In addition to WOTUS, AFS will take an active role in supporting passage of the Recovering America’s Wildlife Act. This proposed legislation would direct US$1.3 billion annually to state fish and wildlife agencies for proactive conservation. State wildlife action plans are designed to protect and recover nongame species of greatest conservation need, but the states need substantially more funding to ensure that species in decline are addressed before they become threatened or endangered. Studies of extinction rates among freshwater fauna suggest that North America is losing species as rapidly as tropical forests (Ricciardi and Rasmussen 1999). This proposed legislation provides an opportunity to address habitat loss, combat invasive species, improve water quality, and apply many other conservation strategies to prevent additional decline and improve the outlook for many other species. As an added benefit, if passed, the Recovering America’s Wildlife Act would significantly increase employment opportunities for fisheries biologists. This bill could be as transformational for state fish and wildlife agencies as Pittman–Robinson or Wallop–Breaux. We will be calling on our members to get involved in this opportunity of a lifetime.
Lastly, but equally as important for marine species, AFS will engage in the reauthorization of the Magnuson–Stevens Act, the federal law that governs fisheries management in the U.S Exclusive Economic Zone. Discussions are underway in the current Congress that call for additional flexibility in the law. The last reauthorization in 2007 required National Oceanic and Atmospheric Administration–Fisheries to end current and prevent future overfishing by adopting a precautionary approach that relies on scientific stock assessments to set annual catch limits. In a relatively short time, the National Oceanic and Atmospheric Administration–Fisheries has recovered 41 previously overfished stocks using this approach to fisheries management. Despite the successful rebuilding of many overfished stocks, both commercial and recreational fishers are frustrated by what they perceive to be an inflexible management regime that limits harvest to these more abundant stocks. The involvement of AFS in the reauthorization debate will focus on ensuring that proposals for changes in the law are informed by good science, sound management strategies, and well-supported policies. AFS will evaluate existing provisions of the law and the proposals for flexibility to ensure that conservation gains are not reversed. Where possible, AFS will propose scientifically based solutions for federal fisheries managers with flexibility to harvest sustainably and without undermining conservation gains.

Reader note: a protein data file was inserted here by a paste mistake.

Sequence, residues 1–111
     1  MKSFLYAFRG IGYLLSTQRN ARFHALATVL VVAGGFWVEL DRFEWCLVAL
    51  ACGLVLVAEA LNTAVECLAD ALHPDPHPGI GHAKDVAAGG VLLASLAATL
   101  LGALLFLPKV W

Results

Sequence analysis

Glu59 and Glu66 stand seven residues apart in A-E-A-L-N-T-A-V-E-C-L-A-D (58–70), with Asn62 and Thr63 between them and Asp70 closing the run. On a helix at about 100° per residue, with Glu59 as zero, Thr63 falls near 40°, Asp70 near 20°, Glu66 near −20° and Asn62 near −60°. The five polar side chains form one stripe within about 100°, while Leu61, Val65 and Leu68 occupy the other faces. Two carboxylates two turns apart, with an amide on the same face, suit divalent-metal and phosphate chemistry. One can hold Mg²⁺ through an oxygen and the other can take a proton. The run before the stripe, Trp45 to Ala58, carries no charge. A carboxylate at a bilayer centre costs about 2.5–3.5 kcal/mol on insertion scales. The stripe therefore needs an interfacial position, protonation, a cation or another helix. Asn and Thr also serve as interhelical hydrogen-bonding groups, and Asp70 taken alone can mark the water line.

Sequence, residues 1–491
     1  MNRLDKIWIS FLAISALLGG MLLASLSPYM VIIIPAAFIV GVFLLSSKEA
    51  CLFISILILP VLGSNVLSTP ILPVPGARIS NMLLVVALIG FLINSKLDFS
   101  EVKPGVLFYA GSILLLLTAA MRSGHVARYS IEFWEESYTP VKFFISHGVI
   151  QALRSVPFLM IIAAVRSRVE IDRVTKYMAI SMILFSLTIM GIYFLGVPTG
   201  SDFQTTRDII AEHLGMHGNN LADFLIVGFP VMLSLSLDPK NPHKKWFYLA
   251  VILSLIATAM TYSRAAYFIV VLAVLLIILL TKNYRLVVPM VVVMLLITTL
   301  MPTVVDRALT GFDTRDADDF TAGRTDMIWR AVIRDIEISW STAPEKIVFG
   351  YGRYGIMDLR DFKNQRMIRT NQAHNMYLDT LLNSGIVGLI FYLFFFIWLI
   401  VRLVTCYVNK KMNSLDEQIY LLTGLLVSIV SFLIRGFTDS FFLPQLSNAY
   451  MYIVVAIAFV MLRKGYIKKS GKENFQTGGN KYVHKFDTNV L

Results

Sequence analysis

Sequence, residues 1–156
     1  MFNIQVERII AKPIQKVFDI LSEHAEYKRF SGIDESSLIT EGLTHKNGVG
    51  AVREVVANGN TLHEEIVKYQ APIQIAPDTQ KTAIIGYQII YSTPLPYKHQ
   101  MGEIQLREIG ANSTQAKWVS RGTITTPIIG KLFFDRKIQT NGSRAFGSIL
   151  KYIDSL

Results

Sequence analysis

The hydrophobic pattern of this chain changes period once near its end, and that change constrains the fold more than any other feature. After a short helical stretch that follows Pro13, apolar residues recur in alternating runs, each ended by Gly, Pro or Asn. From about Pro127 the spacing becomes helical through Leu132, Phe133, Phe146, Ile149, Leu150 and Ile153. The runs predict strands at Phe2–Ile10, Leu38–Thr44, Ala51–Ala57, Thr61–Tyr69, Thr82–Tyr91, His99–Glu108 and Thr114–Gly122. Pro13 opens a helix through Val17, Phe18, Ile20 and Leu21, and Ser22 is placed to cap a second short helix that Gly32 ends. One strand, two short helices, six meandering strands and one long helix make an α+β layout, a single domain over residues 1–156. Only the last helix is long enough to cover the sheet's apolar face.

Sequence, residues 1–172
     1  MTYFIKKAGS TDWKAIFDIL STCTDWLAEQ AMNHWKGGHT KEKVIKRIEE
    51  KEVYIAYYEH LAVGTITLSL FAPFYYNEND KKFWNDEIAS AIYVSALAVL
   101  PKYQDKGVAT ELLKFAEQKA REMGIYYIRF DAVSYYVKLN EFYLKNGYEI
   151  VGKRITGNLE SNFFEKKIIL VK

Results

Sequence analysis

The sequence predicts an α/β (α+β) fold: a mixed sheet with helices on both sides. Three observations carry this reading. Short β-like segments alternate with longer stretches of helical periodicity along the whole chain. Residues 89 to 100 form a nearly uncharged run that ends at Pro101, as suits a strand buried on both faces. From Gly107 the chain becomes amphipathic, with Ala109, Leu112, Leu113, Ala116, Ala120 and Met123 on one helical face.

Elections do indeed have consequences. There has never been a more important time to get involved in ensuring that aquatic resources and their habitat are conserved and protected. AFS needs the help of our members to effectively engage in these highest-priority issues and to track and engage as needed on other issues. We will be recruiting members with the knowledge and experience needed to serve on task forces to help us engage in a robust policy effort on these important issues. Although many of us have strong feelings about what is the right course of action, we need members who can help us to provide thoughtful solutions based on sound science and management of complex problems. If you have the knowledge and the desire to help with these issues, please contact AFS Policy Co-Director Drue Winters at dwinters@fisheries.
- Ricciardi, A., and J. B. Rasmussen. 1999. Extinction rates of North American freshwater fauna. Conservation Biology 13:1220–1222.